I used the tacho signal on the yellow wire to get the speed. It produces a square wave with two cycles per revolution. I found that the supplied fan had no output on the yellow wire and after I disassembled it I found the components for it: a PNP transistor and a resistor were not fitted. In fact the only electronic part is a hall effect chip with complementary outputs. That feeds a two phase motor with two pairs of coils in series. I added the missing components to make the measurement. Interestingly the transistor is driven from one of the coils so it works even when the fan is not powered as long as it is spinning fast enough to generate enough voltage to turn the transistor on.
The data shows what I expected: that most of the noise reduction comes from the reduced speed. If the original fan is driven from 9V it rotates at the same speed as the Gelid one and takes about the same power. It is slightly noisier, which I put down to the fact the Gelid has a smoother leading edge on its blades. They also have more curve to them giving it a steeper pitch, so it can potentially move more air at the same speed.
This is the cool map from it: -
I tried running the original fan with 50% PWM. All that did was reduce the airflow, it didn't change the distribution significantly.
Next up is the version of the fan duct to suit the E3D V6 hot end that proved so challenging for slicers. This has to slope downwards to fit underneath the E3D's fan assembly. It is also a bigger diameter to clear the bigger heater block assembly.
Not too surprising to me by now this has a massive and unpredictable effect: -
There are a lot of alternative Mendel90 fan duct designs on Thingiverse so I decided to test a few of those.
This is a 40mm duct by sivar2311: -
This is an alternative 60mm duct for the E3D hot end by +Daniel Bull that has the fan mounted vertically :-
Compared to my original design this gives a higher average cooling but a lower peak. It too has a quarter of the loop missing and the air that should come out there seems to shoot off forward instead. Mounting the fan vertically seems to give a bit more flow, presumably because the air doesn't have to turn a corner, but it seems to be less even, possibly due to the rotation having a bigger effect.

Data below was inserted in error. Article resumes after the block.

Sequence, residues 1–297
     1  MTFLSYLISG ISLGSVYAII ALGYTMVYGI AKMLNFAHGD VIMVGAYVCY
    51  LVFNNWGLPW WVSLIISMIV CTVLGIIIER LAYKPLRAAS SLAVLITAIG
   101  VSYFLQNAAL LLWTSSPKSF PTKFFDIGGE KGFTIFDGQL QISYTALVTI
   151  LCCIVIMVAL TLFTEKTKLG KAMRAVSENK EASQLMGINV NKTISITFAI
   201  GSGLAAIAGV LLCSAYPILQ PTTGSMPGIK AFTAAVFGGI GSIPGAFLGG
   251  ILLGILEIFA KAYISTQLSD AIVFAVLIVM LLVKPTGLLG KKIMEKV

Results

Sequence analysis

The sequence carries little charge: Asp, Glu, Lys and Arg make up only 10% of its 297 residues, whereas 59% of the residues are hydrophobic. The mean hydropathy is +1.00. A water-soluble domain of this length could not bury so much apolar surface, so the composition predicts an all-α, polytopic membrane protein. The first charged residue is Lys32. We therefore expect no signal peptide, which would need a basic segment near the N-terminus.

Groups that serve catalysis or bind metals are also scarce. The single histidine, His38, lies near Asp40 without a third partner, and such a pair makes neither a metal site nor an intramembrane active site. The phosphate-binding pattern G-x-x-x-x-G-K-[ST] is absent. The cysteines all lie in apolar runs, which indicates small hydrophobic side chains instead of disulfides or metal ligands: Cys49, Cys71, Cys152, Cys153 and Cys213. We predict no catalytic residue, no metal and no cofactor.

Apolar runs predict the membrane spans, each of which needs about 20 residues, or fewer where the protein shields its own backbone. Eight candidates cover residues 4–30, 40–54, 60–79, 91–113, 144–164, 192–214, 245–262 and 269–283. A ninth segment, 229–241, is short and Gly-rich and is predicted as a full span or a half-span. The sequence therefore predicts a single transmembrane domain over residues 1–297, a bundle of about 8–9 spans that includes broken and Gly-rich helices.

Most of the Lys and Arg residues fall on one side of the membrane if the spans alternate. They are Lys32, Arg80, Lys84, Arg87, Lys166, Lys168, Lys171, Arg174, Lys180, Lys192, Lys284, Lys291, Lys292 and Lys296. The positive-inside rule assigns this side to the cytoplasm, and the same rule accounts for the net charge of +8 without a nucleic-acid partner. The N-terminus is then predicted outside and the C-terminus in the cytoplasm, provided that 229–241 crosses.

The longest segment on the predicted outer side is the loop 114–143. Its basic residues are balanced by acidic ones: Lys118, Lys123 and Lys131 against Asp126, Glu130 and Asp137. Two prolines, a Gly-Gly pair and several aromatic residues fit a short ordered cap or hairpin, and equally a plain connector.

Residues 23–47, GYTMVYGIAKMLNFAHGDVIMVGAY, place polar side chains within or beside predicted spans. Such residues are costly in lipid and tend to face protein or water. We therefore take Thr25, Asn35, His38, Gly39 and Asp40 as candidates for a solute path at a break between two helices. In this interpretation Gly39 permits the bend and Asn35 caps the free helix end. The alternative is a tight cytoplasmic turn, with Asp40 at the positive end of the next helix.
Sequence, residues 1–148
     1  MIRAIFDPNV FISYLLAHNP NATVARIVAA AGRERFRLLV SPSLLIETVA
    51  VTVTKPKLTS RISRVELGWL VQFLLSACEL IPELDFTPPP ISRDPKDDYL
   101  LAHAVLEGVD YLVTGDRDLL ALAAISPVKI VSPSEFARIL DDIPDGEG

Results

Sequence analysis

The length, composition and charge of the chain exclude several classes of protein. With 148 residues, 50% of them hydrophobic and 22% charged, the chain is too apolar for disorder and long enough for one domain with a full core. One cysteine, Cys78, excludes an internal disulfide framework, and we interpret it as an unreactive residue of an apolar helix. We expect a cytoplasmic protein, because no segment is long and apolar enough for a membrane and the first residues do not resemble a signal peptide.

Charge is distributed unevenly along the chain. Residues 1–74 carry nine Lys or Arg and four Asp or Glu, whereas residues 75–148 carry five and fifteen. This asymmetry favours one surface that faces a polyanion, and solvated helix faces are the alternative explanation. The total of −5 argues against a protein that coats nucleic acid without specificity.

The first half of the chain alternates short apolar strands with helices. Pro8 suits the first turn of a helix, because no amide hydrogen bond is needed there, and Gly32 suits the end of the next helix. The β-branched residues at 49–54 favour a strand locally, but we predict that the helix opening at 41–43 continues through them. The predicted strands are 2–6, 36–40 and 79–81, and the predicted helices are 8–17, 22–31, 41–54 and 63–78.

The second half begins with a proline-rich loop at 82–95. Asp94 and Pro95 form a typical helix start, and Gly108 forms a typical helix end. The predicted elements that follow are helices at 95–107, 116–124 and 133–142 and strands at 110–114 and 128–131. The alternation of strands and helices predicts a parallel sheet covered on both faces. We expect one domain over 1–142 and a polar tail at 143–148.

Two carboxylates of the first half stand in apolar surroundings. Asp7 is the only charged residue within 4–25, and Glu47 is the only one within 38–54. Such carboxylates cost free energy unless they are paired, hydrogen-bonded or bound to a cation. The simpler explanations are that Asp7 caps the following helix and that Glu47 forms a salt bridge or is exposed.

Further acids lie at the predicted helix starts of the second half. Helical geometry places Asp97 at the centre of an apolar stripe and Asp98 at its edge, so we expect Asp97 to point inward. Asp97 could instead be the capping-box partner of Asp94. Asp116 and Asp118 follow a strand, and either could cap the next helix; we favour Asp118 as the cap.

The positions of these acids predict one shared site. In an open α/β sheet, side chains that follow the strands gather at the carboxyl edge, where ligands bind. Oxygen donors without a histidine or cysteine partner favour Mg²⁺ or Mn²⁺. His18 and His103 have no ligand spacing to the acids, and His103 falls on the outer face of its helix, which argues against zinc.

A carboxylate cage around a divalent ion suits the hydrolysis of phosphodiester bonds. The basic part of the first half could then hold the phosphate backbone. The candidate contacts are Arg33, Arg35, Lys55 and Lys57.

After I designed Mendl90 I learned that radial blowers are more suited to pushing air down a small duct. Axial fans are fine for pushing large volumes of air down a large duct but radial fans generate a higher pressure so are better suited to making smaller jets.
This a duct for a 50mm radial blower by kiefer :-
I got the blower from RobotDigg but it seems to be slightly different to the one pictured and has three wires, not two.
It rotates at 7200 RPM, takes 250mA and produces 56 dB at 15cm. So it is a lot more powerful than the original fan but more compact with the air coming out of a much smaller aperture.
ConclusionWhen I designed the Mendel90 duct my aim was to achieve even cooling of the part without cooling the nozzle. The default duct with the original fan seems to give the most even cooling but I now think that is a complete fluke. Small changes such as the height of the duct, or the shape of the fan blades has a dramatic effect. This leads me to think that the airflow with an axial fan is chaotic due to the presence of vortices arising from its rotation.
A radial blower seems to be the way to go as it produces more cooling and the air coming out of it isn't rotating. I would mount the blower with its aperture pointing forwards to avoid the air needing to turn a right angle. Rather than have the air flowing around the circle in both directions I will try a p shape where the air goes around in one direction and then meets itself travelling in the same direction. I think this will create a vortex airflow that emerges more evenly around the circle. I expect the shape of the junction might be critical. As far as possible I will try to keep the cross section constant to avoid Bernoulli effects.
So in all I managed to use three new tools (fritzing, CodeBender and gnuplot) and discovered a few facts about fans and airflow, so I learned a lot doing this project.
Fluid dynamics is obviously a massive subject and I learned this morning that it isn't a solved problem mathematically, there is a $1M prize outstanding. As ever, the closer you look at things the more complicated they get.
As always, thanks for the great work and all info. I'm hoping that in the future we can start to incorporate this kind of cooling data into our product listings at MatterHackers.ReplyDelete
BTW: It was great reading about the fan duct printing. I've printed that part many, many times here in the States for customers, and it was a walk down memory lane.
I also tried MatterControl on it. MatterControl has similar errors to the other slicers. However, the fan duct has some very interesting qualities to it that can help our understanding of what to do to with these types of bridges.